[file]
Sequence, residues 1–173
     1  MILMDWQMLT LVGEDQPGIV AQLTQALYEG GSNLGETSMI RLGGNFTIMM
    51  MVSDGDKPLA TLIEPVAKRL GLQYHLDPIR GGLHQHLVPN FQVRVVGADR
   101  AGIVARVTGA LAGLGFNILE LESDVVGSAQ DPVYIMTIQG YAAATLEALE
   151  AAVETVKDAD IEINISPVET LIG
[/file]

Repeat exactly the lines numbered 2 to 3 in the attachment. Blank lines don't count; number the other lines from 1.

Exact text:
     1  MILMDWQMLT LVGEDQPGIV AQLTQALYEG GSNLGETSMI RLGGNFTIMM
    51  MVSDGDKPLA TLIEPVAKRL GLQYHLDPIR GGLHQHLVPN FQVRVVGADR